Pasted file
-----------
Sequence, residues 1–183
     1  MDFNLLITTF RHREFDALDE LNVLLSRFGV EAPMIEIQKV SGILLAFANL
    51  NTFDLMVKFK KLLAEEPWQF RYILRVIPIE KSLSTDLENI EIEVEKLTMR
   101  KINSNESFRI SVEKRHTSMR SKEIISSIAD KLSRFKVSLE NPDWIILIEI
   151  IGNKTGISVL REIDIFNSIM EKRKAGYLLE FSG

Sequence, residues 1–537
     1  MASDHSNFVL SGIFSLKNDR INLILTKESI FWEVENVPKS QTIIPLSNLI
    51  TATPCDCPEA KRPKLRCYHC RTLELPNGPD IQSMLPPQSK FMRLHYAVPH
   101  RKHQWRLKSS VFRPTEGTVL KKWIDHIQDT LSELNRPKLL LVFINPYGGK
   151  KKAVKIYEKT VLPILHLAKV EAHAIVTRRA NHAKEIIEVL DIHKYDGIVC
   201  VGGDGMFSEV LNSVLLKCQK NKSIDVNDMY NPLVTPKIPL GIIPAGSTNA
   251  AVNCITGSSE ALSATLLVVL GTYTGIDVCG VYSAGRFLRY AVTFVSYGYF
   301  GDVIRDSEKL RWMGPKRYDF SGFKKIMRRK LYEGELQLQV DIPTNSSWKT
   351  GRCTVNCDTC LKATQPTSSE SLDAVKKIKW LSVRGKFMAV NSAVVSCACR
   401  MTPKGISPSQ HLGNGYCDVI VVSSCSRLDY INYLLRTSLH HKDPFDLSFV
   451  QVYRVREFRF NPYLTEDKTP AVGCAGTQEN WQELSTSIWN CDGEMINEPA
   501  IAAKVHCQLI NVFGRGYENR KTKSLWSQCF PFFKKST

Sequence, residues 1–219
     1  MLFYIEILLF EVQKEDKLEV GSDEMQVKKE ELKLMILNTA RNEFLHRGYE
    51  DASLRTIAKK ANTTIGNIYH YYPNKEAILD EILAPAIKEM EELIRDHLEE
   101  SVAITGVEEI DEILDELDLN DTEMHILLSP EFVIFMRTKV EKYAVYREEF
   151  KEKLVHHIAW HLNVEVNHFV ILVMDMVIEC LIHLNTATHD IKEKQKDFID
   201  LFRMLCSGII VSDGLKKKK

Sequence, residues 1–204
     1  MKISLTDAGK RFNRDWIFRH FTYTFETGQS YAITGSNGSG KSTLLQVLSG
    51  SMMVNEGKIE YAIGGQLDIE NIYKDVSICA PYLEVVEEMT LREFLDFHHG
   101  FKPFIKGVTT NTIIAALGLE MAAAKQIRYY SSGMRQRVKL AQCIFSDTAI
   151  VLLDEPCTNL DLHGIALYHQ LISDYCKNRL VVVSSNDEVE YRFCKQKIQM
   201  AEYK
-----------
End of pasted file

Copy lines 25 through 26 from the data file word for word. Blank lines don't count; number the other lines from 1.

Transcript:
     1  MKISLTDAGK RFNRDWIFRH FTYTFETGQS YAITGSNGSG KSTLLQVLSG
    51  SMMVNEGKIE YAIGGQLDIE NIYKDVSICA PYLEVVEEMT LREFLDFHHG